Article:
Tachycardia- The heart rate readings of the patient observed in the emergency care department was found to be 110 beats per minute. This is reflective of patient having tachycardia. Heart diseases are considered as an underlying risk factor for development of tachycardia in the patient. Tachycardia is generally referred to the heart beat observed faster than the normal pattern. The beat is generally observed as more than 100 beats per minute (Yetkin, 2016). Some of the forms of tachycardia can be life-threatening for the patient. Tachycardia is also characterized by a rapid, inadequate heart rhythm. With an increased heart rate of the patient, there is an added burden on the heart to pump more oxygenated blood to compensate for the circulatory loss. The rapid increase in the heart rate can be life-threatening for the patient as well. It is very difficult to bring back the heart rate of the patient, back to normal easily and might require very aggressive approach to tackle with the same (Aspit, 2019). The parameter of accelerated heart rate is statistically proven to determine the underlying risk for cardiovascular disease development. The mortality rate with high heart rate is also significantly higher in patients having any underlying cardiovascular disease. Tachycardia is an independent risk factor for promoting hypertension in patients, that might require emergent medical management for enabling positive healthcare outcomes from the patient. Thus, tachycardia for the given case study is a major risk factor for the patient.
Increased blood glucose level- The patient is a known case of type-2 diabetes. The reflection of increased blood glucose levels can be a danger for the patient. with an increased blood glucose levels, the patient might develop long-term complications. These include, cardiovascular diseases, neuropathy, damage to the kidney functioning and other joint related issues as well. Both type 1 and type 2 diabetes form the foundational basis for the patient to develop increased risk of dilated cardiomyopathy. As the patient is having diabetes type-2, he might have developed the cardiomyopathy secondary to these symptoms. If the blood glucose levels rise than the normal range there are further complications that can be developed in the patients as well. Diabetic ketoacidosis is one of the complications that might develop secondary to the high blood glucose levels. With a rise in blood glucose levels the body tend to break down the fat for energy deposits (Peters, 2016). This process leads to the increased production of toxins in the body known as ketones. Excessive number of ketones are then accumulated in the blood which are then passed out in the urine. This condition, when left untreated, can cause a diabetic coma in the patient. the condition is also found to be life-threatening for the patient. Another underlying complication that might arise from the situation can be hyperglycemic hyperosmolar state. Condition can be observed when the person might be able to produce insulin but is not able to function as estimated. This might result in an accelerated rise in blood glucose levels, that eventually starts to use up body fat for producing energy (Fayfman, 2017). This eventually leads to increased urination frequency. If and when left untreated the condition can assimilate into a life-threatening dehydration and diabetic coma. The patient in the given case study is having an underlying risk factor for the development of both, to an increased blood glucose level reflected.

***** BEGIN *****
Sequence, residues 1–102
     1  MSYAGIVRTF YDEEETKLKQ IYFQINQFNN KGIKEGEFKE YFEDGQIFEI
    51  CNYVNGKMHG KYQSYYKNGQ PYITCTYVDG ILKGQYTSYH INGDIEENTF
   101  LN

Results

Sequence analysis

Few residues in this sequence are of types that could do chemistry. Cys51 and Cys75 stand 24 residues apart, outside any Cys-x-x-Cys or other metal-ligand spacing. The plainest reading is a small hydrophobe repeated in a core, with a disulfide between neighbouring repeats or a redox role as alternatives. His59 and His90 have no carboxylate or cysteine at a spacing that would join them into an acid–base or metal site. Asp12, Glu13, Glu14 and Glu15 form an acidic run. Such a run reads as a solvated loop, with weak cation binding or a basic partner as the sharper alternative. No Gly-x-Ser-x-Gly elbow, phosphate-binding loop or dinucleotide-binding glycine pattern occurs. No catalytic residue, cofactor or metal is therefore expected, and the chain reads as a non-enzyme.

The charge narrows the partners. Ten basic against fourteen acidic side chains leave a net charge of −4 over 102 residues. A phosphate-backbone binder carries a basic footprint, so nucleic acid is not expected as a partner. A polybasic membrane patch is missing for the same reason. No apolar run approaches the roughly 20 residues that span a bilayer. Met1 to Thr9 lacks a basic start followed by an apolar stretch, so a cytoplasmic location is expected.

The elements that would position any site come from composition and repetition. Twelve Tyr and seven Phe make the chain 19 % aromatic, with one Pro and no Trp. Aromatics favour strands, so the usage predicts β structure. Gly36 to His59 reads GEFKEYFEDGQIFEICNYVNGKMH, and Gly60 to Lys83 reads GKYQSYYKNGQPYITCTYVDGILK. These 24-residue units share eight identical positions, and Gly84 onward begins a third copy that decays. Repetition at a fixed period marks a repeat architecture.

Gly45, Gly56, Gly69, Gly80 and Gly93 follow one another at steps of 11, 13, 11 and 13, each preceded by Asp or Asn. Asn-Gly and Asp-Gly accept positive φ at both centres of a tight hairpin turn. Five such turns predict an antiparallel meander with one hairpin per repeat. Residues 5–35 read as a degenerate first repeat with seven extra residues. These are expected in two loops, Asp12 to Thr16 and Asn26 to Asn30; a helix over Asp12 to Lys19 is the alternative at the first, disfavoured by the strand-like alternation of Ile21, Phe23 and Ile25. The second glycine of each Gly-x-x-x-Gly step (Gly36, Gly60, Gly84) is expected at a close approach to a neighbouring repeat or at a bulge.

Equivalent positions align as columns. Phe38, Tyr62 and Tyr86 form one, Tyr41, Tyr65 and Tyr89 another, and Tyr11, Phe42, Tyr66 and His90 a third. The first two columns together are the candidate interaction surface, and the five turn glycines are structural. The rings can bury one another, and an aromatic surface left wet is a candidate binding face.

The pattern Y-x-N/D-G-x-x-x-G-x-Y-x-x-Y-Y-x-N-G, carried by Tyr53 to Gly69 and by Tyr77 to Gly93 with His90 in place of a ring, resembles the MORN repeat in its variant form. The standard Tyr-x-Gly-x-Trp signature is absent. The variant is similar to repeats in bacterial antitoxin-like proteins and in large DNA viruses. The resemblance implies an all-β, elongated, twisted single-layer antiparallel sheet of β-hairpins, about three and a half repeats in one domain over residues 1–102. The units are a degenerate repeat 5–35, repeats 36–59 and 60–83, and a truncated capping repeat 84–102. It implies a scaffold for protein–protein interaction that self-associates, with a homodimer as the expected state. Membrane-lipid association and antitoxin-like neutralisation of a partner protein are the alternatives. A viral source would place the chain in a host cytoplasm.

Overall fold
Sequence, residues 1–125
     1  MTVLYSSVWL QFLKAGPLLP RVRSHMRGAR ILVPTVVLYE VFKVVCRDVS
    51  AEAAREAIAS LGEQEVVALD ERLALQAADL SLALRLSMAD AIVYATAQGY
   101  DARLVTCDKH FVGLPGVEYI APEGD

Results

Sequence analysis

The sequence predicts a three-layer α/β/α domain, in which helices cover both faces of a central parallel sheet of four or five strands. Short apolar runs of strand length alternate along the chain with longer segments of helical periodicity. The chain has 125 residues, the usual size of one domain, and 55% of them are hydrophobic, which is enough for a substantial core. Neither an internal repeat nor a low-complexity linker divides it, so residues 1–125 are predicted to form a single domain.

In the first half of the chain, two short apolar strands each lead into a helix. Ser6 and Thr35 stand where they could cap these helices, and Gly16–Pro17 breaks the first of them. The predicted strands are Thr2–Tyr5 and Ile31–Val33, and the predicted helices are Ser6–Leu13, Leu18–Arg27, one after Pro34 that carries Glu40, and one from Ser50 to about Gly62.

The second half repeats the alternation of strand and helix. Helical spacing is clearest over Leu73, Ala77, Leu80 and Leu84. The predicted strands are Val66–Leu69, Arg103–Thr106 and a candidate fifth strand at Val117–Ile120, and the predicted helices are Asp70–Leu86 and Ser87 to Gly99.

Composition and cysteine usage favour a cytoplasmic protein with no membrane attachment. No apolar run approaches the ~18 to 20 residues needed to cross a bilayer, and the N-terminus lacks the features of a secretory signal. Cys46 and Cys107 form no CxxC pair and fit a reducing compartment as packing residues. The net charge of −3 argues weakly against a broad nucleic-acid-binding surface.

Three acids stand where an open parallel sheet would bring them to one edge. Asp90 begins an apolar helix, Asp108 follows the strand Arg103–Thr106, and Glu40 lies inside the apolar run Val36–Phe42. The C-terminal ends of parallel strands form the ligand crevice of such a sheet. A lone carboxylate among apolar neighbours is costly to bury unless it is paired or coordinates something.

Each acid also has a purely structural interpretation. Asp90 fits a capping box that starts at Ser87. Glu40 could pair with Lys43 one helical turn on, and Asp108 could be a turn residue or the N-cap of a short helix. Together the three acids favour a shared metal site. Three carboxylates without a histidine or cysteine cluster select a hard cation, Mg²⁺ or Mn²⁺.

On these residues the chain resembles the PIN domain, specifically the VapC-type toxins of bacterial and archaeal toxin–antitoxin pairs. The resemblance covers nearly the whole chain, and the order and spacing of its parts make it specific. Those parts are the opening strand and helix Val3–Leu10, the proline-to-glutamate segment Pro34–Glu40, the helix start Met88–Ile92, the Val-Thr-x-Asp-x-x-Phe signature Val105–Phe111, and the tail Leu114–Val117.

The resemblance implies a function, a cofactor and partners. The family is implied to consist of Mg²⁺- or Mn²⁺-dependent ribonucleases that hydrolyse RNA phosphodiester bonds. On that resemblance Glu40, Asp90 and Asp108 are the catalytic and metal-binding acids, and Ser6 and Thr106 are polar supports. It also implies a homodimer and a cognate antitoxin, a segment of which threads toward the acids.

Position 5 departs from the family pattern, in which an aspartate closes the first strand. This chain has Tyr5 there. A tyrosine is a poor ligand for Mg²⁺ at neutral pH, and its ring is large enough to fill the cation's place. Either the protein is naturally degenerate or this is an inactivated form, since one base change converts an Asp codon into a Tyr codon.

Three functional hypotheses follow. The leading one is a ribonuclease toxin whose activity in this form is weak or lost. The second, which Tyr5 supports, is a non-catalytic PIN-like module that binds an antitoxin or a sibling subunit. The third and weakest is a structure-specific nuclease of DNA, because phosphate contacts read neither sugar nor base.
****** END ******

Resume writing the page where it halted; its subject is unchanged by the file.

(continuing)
The clinical presentation of the patient, represents on the worsening of the symptoms of heart failure. This is marked by evidence of pulmonary hypertension and bilateral lower lobe congestion. The role of nurse in managing care for any patient, can be deemed as vital. In the given case scenario, the below-mentioned role can be reflected by the nurse: